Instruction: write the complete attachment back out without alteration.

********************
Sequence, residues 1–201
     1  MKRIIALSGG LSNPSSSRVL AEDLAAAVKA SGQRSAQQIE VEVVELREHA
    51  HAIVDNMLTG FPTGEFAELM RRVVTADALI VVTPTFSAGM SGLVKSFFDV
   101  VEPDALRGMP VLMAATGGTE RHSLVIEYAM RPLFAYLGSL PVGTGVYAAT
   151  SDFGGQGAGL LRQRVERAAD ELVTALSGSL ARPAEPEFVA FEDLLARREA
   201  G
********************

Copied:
Sequence, residues 1–201
     1  MKRIIALSGG LSNPSSSRVL AEDLAAAVKA SGQRSAQQIE VEVVELREHA
    51  HAIVDNMLTG FPTGEFAELM RRVVTADALI VVTPTFSAGM SGLVKSFFDV
   101  VEPDALRGMP VLMAATGGTE RHSLVIEYAM RPLFAYLGSL PVGTGVYAAT
   151  SDFGGQGAGL LRQRVERAAD ELVTALSGSL ARPAEPEFVA FEDLLARREA
   201  G